After shocking the US, Net Neutrality principle has come to India. In recent times, the debate about it heats up here, as we have no specific rules regarding the protection of net neutrality.
Before knowing about implications of not having such laws in India, let’s know more about Net Neutrality principle.
What is net neutrality?
Net neutrality (or net equality) is a principle that restricts ISPs (Internet Service Providers) and governments to discriminate or charge differentially on the basis of content, site, users, platform, application, or mode of communication. In brief, net neutrality is about treating all the Internet data in equal manner.
The idea of Open Internet
Open Internet is a real idea, and net neutrality is an important component of it. An open Internet is an idea that enables all individuals and companies to access full resources of the Internet.
Along with net neutrality, such idea comprises transparency, open standards, lack of Internet censorship, etc. In brief, it is fair to say that Open Internet is an umbrella term that includes everything related to net freedom.
Events in brief and its impact on net neutrality
It all started in December 2014, when Indian telecom giant Airtel had tried to introduce a plan for charging a differential tariff for VoIP services like Viber and Whatsapp. At that time, huge public outrage forced a rollback of that decision.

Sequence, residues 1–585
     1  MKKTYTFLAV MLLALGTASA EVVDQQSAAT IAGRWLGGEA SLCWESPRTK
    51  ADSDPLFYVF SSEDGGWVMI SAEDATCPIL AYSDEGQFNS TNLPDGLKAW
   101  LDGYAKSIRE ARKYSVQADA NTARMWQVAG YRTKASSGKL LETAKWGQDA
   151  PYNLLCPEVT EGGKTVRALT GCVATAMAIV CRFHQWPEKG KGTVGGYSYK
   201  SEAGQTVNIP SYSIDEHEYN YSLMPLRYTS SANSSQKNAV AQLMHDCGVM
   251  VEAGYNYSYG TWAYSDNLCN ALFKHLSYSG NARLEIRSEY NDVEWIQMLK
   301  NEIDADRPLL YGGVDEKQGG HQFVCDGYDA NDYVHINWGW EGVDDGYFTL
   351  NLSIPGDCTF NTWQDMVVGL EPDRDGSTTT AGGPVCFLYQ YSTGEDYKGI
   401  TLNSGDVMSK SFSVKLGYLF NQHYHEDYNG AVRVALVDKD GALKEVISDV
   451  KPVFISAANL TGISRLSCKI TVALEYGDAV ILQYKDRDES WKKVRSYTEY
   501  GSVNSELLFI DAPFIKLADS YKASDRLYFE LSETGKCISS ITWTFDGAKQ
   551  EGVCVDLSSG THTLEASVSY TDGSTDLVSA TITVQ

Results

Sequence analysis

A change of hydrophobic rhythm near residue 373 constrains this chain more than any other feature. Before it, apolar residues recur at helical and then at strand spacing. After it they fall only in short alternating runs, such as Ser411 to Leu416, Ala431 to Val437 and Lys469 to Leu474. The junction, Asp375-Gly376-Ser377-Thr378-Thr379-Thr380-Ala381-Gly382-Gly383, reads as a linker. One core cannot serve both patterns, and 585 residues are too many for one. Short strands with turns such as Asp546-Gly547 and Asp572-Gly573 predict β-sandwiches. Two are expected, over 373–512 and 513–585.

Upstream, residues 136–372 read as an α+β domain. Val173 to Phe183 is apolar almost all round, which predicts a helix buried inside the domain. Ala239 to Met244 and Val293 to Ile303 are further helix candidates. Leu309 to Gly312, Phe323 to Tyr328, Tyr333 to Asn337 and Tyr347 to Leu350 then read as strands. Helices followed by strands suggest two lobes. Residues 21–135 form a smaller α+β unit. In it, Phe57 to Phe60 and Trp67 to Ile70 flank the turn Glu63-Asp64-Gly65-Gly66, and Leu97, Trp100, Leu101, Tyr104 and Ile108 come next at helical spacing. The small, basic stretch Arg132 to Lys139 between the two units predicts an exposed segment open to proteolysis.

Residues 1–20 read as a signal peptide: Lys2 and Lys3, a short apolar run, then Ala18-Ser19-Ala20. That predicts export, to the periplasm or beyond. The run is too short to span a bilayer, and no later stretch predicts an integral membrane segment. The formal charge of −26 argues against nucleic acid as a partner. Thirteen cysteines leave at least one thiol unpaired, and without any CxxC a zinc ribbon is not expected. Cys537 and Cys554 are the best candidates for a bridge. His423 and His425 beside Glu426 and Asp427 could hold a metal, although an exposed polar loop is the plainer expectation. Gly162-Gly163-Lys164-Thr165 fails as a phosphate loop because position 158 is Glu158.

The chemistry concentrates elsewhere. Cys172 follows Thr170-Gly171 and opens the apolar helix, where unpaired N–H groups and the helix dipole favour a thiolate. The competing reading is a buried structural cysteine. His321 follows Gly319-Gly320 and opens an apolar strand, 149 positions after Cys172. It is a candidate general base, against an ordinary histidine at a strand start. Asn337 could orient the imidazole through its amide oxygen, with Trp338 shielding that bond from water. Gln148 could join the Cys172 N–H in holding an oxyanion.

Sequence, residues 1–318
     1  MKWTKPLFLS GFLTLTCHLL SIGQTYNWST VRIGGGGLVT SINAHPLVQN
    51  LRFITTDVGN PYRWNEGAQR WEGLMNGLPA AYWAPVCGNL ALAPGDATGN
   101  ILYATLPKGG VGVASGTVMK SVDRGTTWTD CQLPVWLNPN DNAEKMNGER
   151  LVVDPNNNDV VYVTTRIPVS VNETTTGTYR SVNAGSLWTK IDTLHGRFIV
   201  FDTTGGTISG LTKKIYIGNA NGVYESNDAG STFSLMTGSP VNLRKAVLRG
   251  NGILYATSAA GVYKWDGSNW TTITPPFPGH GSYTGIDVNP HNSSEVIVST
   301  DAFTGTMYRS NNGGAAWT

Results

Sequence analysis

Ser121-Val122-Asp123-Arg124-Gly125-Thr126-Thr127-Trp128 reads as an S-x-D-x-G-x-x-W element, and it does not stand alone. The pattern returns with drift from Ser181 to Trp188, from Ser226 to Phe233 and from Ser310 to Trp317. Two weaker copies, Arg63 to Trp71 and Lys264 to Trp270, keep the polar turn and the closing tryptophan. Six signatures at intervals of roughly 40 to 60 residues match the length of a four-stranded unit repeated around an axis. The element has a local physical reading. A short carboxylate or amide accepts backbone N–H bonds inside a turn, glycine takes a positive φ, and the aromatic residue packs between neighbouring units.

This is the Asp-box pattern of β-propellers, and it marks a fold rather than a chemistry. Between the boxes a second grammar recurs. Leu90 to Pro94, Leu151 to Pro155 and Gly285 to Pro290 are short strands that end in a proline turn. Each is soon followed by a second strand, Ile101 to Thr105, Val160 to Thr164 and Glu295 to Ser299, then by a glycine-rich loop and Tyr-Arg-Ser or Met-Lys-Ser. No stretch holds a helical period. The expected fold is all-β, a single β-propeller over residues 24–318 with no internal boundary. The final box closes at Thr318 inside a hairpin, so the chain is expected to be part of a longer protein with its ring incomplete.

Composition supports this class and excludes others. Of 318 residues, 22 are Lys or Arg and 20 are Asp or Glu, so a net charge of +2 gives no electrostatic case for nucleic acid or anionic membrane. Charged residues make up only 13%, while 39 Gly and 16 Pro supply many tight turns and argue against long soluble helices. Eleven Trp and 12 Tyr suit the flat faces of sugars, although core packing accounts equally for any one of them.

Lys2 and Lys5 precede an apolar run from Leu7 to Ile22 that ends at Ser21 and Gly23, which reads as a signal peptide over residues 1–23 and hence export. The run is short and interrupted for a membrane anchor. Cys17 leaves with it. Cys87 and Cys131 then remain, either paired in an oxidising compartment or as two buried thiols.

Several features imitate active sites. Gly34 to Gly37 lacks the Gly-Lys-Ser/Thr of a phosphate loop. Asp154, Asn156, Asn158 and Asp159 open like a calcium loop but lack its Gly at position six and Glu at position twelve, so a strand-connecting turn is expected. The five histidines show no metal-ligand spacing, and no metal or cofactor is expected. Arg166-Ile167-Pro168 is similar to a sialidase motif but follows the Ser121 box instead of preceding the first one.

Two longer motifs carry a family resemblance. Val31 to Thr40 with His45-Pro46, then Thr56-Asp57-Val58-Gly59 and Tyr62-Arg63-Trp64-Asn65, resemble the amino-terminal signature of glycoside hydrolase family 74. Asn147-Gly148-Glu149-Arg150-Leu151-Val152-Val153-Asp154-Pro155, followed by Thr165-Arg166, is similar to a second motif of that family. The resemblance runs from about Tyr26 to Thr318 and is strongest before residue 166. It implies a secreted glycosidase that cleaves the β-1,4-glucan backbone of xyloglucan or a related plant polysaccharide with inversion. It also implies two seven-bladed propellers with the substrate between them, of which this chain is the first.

It is Airtel again that has violated the net neutrality principle by introducing ‘Airtel Zero’ plan. Under this plan, netizens need not pay anything to access the member companies’ apps on Airtel network as the charge is already paid by the members of ‘Airtel Zero’. Many people and companies consider this plan as a discriminatory move by Airtel. According to critics, such plan will create two different classes of apps; one has paid money to Airtel and second has not paid anything to Airtel. While, Airtel defends the move by saying the plan is quite similar to toll-free services. Of course, here, we should not forget to mention Facebook-Reliance joint venture ‘internet.org’ in India.
All such moves have generated debate on net neutrality in India. As there are no formal laws regarding net neutrality here, ISPs take the advantage (or disadvantage?) by bringing such plans.
Recently, domestic telecom regulatory authority-TRAI has released a consultation paper on Over-The-Top (OTT) services and net neutrality with asking for public feedback. And till date, netizens have sent more than 1.5 lakh emails to TRAI supporting net neutrality in India. The last date for giving feedback is 24th of April, 2015, and needless to say, India gears up for setting a new milestone once again in terms of number of emails.
You can record your vote here: http://www.savetheinternet.in/
Department of Telecom (DoT) has announced that it will come forward with its report on net neutrality in the second week of May.
Regulation of any information except illegal one on the Internet is undesirable, as it prevents the netizens by sharing and knowing peoples’ view on a particular subject. We can compare restriction on the Internet with the removal of both ‘freedom of speech’ and ‘freedom of expression’.
Net neutrality is necessary for the small companies as it gives them an opportunity to grow online without any bias or discrimination.[/vc_column_text][/vc_column][/vc_row]